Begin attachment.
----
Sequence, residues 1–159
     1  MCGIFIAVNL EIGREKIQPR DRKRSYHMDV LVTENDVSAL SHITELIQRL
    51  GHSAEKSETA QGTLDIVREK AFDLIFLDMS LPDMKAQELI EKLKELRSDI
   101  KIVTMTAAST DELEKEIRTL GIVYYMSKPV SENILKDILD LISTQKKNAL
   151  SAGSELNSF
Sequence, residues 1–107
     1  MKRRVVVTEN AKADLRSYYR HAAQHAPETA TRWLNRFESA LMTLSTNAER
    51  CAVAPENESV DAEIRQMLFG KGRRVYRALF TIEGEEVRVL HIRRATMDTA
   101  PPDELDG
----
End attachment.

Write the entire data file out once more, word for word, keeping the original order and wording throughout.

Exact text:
Sequence, residues 1–159
     1  MCGIFIAVNL EIGREKIQPR DRKRSYHMDV LVTENDVSAL SHITELIQRL
    51  GHSAEKSETA QGTLDIVREK AFDLIFLDMS LPDMKAQELI EKLKELRSDI
   101  KIVTMTAAST DELEKEIRTL GIVYYMSKPV SENILKDILD LISTQKKNAL
   151  SAGSELNSF
Sequence, residues 1–107
     1  MKRRVVVTEN AKADLRSYYR HAAQHAPETA TRWLNRFESA LMTLSTNAER
    51  CAVAPENESV DAEIRQMLFG KGRRVYRALF TIEGEEVRVL HIRRATMDTA
   101  PPDELDG